BCS Financial: Leading a Dynamic Cultural Evolution from Within

BCS Financial Corporation seemed to be on top of their game. Built on 60 years of success, they’ve enjoyed underwriting profits for the past 20 years and an A.M. Best Rating of “Excellent.” They seemed to have a solid foundation, so why change? “Why change?” asks Scott Beacham, President and CEO of BCS Financial, “Because our business sector is changing. As a multi-line insurance company licensed to do business across the United States, we’re operating in one of the most dynamic industries, in one of the most dynamic times in history.”

As Beacham joined the organization, healthcare reform was on the brink of becoming a reality and the landscape in which they were operating was about to change dramatically.

BCS is owned by all Blue Cross and Blue Shield primary licensee companies. Collectively, these companies are both BCS’ governing body and their clients. Therefore, as Blue Cross and Blue Shield organizations change, so must BCS. The leaders at BCS recognized early in their evolution that they had to change. And change they did!

This is the story of BCS and the five critical success factors that made their change possible: Leadership, Core Values, Quality of Process, Actions Leading Plans, and Organic Ownership. Their story is focused on strong leadership from above and empowerment from below. In the words of the people of BCS, “Whose story is it? Our story.”

Critical Success Factor #1: Leadership

“You can’t wish change; you have to make it happen,” states Beacham. “It’s about the hearts of the people who have to make the change. Very smart people can come up with business strategy, but it’s through a truly dedicated team of people that you create positive change from within.” BCS had a rock-solid platform. However, it was just that: a platform, a plateau with a proven record.

They needed to progress. In order to find the growth they were looking for, they needed to bring together their strategic platform with their culture transformation process. The success of the past 60 years didn’t make any difference in the vastly changing healthcare world. It was time to evolve. BCS leaders committed themselves to blending their strategic and culture goals for the good of their organization and its people.

Beacham often says, “If you have their heart, I guarantee you’ll have their mind.” As a leader, Beacham is very concerned about engaging the hearts of his people. “Engaging people is going out and having the courage to ask them, ‘How are we doing?'” Beacham takes his daily “walks around the block” as he calls them. He knows each employee by name, engages them in conversation, and regularly asks them, “How are we doing?” He encourages everyone in leadership roles to do the same. Beacham admits that it is hard to hear feedback at times, but the leadership of BCS has never wavered in their energy or their commitment; he makes sure of that.

Best Practices in Leadership

Barbara Osterman, President of Human Solutions, LLC, is a partner with BCS and offered coaching and feedback to the organization as part of their process. She offers some best practice advice in this first Leadership Chapter:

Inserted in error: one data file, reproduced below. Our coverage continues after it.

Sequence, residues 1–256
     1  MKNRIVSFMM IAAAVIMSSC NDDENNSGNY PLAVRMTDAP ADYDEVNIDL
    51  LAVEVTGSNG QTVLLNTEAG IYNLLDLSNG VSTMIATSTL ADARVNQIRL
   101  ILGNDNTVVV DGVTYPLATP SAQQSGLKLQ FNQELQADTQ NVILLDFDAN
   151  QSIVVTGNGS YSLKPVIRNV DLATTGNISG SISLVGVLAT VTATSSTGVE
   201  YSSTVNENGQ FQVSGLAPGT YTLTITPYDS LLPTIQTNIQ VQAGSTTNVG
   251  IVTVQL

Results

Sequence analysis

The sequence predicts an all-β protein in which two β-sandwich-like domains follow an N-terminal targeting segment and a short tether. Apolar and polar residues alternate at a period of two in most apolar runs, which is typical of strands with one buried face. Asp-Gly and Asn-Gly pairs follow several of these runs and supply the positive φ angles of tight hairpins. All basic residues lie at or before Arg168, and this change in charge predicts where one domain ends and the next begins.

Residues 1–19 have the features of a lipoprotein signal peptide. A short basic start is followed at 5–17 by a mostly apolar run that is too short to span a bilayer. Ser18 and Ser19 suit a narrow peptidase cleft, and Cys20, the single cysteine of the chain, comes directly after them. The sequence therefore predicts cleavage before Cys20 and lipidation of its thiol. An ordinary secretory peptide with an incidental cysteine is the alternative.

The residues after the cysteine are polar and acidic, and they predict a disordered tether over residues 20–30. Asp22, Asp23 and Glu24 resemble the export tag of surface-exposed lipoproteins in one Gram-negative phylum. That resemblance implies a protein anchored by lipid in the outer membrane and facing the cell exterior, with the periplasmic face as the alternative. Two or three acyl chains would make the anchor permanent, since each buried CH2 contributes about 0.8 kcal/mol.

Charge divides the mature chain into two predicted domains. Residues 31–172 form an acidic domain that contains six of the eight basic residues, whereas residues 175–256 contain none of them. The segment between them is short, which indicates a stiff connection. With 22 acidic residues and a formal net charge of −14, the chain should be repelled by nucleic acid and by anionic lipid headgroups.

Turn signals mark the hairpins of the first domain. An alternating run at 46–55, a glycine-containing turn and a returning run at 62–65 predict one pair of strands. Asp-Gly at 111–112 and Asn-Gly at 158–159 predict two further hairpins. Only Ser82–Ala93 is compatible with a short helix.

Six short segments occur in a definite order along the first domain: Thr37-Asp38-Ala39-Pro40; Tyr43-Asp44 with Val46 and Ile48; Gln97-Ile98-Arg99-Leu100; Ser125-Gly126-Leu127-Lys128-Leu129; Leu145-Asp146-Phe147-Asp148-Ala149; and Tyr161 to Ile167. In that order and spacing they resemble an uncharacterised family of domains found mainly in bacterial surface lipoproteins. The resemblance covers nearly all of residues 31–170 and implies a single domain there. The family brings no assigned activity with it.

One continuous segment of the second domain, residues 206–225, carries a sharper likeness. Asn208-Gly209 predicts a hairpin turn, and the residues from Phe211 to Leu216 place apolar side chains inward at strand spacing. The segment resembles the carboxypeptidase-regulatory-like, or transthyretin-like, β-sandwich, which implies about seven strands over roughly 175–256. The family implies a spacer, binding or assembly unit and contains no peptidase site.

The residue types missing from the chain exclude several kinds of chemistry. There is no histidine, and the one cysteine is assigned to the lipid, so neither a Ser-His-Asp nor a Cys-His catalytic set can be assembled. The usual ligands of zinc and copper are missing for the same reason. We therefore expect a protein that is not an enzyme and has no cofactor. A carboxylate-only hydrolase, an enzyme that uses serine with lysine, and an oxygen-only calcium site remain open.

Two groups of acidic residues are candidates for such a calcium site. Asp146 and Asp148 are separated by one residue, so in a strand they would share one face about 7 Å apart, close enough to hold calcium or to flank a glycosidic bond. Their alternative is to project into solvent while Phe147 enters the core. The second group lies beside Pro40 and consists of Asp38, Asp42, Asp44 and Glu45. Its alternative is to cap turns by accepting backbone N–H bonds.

One of the important things that BCS did was to shift focus from ‘getting work done,’ to creating an environment for people to do great work. It’s a subtle shift, but very different. Second, senior leaders were whole-heartedly committed to this process. If the people in the organization see any wavering at the top, that’s an indication or an excuse for them to maintain the status quo.”

~Barb Osterman

Year 1

Year 2

Critical Success Factor #2: Core Values

Mike Kichka is the Director of System Integration and the leader of the Culture Team at BCS. In his words, “This initiative is all about our ‘heart’ and strengthening our core values. We are confident that with the right people with the right attitude, we will be successful in changing our culture.”

To begin their Dynamic Evolution, BCS created five work groups called the Spheres of Influence: Growth, Service, Finance, Communication, and Creativity. The Spheres are made up of cross-functional groups of employees. Each Sphere’s mission is to create strategic and tactical imperatives to drive profitability and performance, improve vertical and horizontal communication, and enhance enterprise-wide teamwork and creative thinking. Shortly after creating the Spheres, BCS established a Culture Team with its own strategic and tactical imperatives. The Culture Team’s mission is to motivate and inspire employees and bring meaning to BCS’ core values. The volunteer-based Culture Team started with four members and has since grown to 12.

One of the mantras you’ll hear and see walking around the BCS office is “212 Everyday,” which started with the Simple Truths book 212·: the extra degree by Sam Parker and Mac Anderson.

The idea is that at 211 degrees, water is hot. At 212 degrees, it boils. Boiling water produces steam. And steam is powerful enough to move locomotives. By applying an extra degree of effort, amazing things can happen. Hence, BCS’ “212 Everyday” initiative was born to motivate employees and elevate the passion within the workplace. They branded the initiative, developed a logo and theme to identify the initiative, reinforced the message, and supported its long-term objective.

Additionally, BCS developed 12 values called Key Positive Forces (KPFs) serving as guiding principles for business operations. “These KPFs are the cornerstones of the initiative and vital to improving our ability to manage our day-to-day operations,” says Kichka. “The most crucial aspects of this initiative are the attitude and belief that we can change, and the commitment and perseverance to make it happen. Scott clearly communicated that all of these efforts are important. However, the employees will know BCS has changed when they experience the change on a daily basis.